At the event, you can engage with author ambassadors, learn more about the work that you are supporting, mingle with like-minded do-gooders, participate in raffles and giveaways, and enjoy a night that celebrates art, creation, and the kindness of strangers.

There are 25.9 million refugees worldwide, more than 50% of whom are children. Pick up a book and join the world’s most beloved authors for the annual #Read4Refugees worldwide read-in. Donate what you spend on a night out. Stay in and read instead! All donations from #Read4Refugees support RefugePoint, a nonprofit that advances lasting solutions for at-risk refugees.

Please visit www.read4refugees.org to learn more about #Read4Refugees and join the movement!

Kindly RSVP to the event on Eventbrite.com.

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Soul Mitra with 2017 Brother Thomas Fellow Sandeep Das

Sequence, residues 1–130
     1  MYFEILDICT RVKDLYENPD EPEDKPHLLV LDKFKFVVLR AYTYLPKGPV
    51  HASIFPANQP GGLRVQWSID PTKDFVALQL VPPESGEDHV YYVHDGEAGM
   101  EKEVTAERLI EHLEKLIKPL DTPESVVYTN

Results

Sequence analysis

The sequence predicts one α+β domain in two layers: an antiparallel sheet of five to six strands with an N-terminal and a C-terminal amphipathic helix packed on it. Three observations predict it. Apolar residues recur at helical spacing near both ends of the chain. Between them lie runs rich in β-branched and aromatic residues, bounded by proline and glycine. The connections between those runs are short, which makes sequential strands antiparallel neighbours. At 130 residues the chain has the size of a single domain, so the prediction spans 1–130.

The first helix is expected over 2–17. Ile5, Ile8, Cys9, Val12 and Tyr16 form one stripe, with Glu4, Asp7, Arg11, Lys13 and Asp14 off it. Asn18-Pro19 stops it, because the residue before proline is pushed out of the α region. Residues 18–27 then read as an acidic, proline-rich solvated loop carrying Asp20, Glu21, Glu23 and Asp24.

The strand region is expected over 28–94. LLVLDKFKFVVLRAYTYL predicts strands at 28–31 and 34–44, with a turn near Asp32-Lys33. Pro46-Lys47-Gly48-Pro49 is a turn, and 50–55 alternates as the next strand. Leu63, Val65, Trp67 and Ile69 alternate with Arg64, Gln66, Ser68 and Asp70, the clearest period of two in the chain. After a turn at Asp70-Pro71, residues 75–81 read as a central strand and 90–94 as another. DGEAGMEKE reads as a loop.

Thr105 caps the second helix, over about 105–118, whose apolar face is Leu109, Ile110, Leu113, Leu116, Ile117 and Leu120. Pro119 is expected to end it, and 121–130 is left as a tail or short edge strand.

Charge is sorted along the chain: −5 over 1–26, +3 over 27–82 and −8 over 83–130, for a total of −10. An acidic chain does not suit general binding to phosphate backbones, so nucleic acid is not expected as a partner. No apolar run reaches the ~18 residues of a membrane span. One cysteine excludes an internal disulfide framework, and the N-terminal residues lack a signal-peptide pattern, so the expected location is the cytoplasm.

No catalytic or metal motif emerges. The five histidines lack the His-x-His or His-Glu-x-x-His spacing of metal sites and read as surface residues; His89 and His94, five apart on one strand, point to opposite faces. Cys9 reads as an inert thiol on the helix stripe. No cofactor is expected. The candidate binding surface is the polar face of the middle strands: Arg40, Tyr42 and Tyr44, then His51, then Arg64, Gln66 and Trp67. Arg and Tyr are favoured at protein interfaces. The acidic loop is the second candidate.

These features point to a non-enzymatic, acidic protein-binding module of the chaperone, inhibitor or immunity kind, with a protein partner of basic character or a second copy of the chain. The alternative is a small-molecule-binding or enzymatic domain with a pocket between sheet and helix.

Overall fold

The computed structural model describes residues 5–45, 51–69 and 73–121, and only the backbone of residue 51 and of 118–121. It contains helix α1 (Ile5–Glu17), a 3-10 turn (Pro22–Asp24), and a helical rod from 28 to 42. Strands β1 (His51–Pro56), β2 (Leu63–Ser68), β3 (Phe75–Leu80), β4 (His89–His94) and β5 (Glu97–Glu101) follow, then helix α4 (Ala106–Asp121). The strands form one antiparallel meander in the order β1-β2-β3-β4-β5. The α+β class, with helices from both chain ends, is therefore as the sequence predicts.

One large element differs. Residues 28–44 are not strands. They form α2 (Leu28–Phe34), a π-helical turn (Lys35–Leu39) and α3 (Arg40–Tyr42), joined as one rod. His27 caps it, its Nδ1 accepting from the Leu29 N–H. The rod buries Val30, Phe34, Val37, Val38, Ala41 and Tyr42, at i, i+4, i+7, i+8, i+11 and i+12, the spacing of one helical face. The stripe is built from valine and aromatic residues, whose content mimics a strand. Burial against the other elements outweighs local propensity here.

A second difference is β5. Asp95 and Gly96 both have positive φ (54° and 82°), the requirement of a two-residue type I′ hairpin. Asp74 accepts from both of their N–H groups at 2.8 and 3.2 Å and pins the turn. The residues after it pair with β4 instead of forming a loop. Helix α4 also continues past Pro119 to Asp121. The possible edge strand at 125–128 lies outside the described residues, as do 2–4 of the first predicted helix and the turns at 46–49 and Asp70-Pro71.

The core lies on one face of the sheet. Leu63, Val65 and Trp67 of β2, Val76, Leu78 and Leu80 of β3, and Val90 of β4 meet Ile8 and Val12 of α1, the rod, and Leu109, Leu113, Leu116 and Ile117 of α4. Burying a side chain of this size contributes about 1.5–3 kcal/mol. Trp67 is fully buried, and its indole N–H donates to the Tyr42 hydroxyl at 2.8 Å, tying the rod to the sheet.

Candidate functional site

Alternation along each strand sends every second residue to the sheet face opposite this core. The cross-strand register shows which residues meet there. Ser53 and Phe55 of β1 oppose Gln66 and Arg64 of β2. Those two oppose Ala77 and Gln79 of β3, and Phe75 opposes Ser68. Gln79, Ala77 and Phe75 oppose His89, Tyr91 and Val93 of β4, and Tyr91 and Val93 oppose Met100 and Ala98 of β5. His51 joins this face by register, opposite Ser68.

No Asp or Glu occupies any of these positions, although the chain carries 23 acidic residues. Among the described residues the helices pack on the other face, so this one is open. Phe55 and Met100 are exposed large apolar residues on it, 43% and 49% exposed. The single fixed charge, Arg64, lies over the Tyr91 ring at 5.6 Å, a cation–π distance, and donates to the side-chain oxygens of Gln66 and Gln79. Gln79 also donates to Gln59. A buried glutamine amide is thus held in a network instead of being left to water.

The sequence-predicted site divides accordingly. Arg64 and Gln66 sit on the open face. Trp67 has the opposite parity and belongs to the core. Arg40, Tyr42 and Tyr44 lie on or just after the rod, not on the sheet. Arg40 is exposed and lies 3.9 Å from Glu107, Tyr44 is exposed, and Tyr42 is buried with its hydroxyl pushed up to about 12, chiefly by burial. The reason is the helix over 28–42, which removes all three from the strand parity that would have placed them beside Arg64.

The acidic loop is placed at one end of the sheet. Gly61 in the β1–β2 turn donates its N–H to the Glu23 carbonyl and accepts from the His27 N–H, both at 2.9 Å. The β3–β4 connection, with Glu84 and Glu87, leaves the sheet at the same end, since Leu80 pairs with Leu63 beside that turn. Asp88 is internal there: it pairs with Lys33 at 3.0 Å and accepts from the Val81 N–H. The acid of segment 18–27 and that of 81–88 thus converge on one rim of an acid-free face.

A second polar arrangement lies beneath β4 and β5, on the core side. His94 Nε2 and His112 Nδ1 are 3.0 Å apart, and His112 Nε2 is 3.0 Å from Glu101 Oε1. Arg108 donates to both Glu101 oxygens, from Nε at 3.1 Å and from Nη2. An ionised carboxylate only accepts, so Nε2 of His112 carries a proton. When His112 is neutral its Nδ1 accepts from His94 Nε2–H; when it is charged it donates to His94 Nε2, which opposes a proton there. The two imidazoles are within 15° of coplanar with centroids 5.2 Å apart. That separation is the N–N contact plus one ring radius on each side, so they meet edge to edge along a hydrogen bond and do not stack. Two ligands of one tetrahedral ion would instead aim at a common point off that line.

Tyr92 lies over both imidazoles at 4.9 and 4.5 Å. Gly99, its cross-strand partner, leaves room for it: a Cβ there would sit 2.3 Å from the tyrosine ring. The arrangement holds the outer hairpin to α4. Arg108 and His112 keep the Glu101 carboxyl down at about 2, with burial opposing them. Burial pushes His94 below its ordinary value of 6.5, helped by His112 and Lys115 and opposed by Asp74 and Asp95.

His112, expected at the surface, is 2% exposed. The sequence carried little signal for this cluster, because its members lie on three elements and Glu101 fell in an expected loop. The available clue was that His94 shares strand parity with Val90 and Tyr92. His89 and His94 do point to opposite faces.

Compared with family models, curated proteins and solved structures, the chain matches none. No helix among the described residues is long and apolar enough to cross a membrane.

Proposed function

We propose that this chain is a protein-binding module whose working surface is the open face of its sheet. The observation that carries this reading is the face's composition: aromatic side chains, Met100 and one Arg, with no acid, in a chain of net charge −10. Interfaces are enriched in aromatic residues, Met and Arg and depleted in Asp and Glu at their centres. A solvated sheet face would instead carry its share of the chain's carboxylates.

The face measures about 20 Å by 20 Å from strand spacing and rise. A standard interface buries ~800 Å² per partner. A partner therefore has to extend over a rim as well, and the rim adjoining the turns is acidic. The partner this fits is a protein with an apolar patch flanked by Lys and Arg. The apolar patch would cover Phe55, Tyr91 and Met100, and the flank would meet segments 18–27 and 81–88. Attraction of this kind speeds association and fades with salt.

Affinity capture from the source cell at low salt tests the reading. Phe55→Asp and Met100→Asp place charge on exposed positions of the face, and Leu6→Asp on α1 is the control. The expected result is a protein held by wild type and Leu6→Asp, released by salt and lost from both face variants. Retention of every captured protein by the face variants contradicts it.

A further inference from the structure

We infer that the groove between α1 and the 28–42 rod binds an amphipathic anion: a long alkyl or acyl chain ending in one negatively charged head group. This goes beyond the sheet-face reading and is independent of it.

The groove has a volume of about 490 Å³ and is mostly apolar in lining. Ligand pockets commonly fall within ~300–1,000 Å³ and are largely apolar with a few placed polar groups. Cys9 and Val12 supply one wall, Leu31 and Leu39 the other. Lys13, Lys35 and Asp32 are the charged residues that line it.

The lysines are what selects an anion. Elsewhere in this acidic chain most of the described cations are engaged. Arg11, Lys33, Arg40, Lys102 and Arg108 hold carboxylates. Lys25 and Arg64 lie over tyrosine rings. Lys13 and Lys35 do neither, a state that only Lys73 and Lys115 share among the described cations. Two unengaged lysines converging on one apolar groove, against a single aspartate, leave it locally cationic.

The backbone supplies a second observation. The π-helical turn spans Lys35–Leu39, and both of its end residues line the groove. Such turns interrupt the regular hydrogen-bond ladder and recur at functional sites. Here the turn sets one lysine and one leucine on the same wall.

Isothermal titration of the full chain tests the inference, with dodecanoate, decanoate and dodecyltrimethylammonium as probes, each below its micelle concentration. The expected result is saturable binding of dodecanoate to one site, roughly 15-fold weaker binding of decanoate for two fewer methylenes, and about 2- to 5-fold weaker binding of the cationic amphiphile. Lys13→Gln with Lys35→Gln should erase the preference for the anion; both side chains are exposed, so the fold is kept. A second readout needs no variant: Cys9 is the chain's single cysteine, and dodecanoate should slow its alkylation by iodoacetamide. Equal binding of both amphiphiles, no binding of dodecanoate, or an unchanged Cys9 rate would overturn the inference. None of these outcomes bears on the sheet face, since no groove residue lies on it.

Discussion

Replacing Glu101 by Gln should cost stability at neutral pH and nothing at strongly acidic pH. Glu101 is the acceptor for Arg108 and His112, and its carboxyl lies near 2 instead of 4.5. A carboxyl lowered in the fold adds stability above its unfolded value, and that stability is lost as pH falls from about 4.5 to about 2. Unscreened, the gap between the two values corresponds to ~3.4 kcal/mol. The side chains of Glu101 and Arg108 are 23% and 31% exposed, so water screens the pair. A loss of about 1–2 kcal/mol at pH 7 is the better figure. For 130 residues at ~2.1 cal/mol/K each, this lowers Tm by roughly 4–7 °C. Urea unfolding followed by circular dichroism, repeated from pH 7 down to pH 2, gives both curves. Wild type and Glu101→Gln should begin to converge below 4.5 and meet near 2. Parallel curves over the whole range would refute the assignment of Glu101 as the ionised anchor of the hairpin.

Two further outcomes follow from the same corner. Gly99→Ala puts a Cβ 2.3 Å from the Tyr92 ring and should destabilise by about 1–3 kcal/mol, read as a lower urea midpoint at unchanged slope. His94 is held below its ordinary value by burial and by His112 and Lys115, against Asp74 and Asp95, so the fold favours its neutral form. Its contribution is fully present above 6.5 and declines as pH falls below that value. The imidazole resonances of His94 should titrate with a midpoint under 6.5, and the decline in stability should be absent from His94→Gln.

Sep
29
2:00 PM14:00

Soul Mitra with 2017 Brother Thomas Fellow Sandeep Das

Classical tabla virtuoso Sandeep Das has composed Soul Mitra to celebrate the connection of souls—a universal phenomenon that creates value and significance for an individual and a community. In the title, soul refers to the essence of a person and mitra (in Sanskrit language) means friend. Specifically, Soul Mitra is a tribute to the friendship, compassion, and loyalty between Benedictine monk and ceramic artist Brother Thomas (1929-2007) and Bernie and Sue Pucker of Pucker Gallery. Made possible by a grant from The Boston Foundation, Soul Mitra is centered around a single porcelain vase by Brother Thomas.

RSVP by 22 September by calling 617.267.9473 or emailing contactus@puckergallery.com.
Seating is limited.